Friday, July 14, 2017

VIDEOS: Frank Zappa Explains the Decline of the Music Business (1987)

by , Open Culture: http://www.openculture.com/2016/09/frank-zappa-explains-the-decline-of-the-music-business-1987.html

“Remember the 60s?” says Frank Zappa in the interview above, “that era that a lot of people have these glorious memories of?... they really weren’t that great, those years.” Ever the grumpy uncle. But Zappa does get nostalgic for one thing, and it’s an unexpected one: the music business. “One thing that did happen in the 60s,” he says, “was some music of an unusual and experimental nature did get recorded, did get released.” The executives of the day were “cigar-chomping old guys who looked at the product and said, 'I don’t know. Who knows what it is? Record it, stick it out. If it sells, alright!'”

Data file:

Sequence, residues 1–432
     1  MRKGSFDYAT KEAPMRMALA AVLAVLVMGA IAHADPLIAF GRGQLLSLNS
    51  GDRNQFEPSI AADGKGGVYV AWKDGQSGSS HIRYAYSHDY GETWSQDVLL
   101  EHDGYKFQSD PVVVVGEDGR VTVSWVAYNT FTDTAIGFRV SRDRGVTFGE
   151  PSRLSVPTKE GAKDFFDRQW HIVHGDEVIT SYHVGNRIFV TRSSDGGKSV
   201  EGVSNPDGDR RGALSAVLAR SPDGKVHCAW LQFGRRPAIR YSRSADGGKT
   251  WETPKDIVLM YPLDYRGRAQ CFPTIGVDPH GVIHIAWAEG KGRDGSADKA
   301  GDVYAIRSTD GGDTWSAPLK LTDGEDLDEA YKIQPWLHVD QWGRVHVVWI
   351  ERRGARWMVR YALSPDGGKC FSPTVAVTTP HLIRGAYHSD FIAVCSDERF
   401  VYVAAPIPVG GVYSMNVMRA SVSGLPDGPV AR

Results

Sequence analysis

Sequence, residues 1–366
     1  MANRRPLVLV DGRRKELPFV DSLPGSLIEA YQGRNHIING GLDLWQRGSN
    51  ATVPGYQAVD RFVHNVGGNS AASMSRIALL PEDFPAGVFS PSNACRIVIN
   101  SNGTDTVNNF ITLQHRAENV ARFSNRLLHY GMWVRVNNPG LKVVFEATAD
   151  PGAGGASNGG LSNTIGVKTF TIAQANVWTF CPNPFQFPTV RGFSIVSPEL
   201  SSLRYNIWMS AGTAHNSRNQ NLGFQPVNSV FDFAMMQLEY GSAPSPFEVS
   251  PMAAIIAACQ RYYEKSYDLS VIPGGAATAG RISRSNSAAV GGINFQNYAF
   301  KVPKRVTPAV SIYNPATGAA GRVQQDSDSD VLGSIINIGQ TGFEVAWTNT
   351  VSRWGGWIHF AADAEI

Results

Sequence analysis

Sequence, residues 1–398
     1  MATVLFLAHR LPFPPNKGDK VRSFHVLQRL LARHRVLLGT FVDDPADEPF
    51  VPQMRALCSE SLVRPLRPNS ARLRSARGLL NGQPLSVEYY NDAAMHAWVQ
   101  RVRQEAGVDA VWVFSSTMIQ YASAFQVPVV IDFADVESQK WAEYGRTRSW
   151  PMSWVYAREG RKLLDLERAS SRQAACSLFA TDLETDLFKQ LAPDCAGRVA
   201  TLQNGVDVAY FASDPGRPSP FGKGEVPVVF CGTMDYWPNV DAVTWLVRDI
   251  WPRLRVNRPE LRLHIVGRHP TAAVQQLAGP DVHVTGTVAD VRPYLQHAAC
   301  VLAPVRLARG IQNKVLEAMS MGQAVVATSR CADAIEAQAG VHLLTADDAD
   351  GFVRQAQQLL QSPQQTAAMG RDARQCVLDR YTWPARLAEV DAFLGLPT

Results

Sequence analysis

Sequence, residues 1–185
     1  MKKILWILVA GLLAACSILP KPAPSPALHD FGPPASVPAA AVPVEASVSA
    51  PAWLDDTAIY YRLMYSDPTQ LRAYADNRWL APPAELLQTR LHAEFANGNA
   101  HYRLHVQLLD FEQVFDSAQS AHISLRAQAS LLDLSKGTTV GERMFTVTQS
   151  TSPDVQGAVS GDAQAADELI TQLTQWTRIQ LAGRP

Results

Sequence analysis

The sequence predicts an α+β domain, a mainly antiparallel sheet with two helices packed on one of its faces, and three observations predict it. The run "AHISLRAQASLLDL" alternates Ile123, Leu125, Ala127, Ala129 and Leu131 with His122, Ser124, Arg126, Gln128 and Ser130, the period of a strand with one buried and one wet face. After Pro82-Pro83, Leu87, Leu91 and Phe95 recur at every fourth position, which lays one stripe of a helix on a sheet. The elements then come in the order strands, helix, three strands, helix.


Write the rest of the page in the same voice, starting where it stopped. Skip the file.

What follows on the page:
“We were better off with those guys,” says Zappa, “than we are with the hip, young executives,” making decisions about what people should hear. The hippies are more conservative than the conservative “old guys” ever were. This Zappa of 1987 recommends getting back to the “who knows?” approach, “that entrepreneurial spirit” of the grand old industry barons of the 60s. One can almost imagine Zappa—in the 60s—pining for the days of Edison, who refused to give up on the wax cylinder but would also record virtually anything. If both the time of Edison and the time of Zappa were bonanzas for makers of novelty records, so much the better. Zappa was novel. 
Still it seems like a funny sentiment coming from a guy who built most of his career in opposition to the record industry. But it was in the period of alleged decay that Zappa broke with Warner Bros. and founded his own label in 1977, making a deal with Phonogram to distribute his releases in the U.S. When Phonogram refused to release his 1981 single “I Don’t Wanna Get Drafted,” Zappa created another label, Barking Pumpkin Records, making sure he got to make and sell the music he wanted to.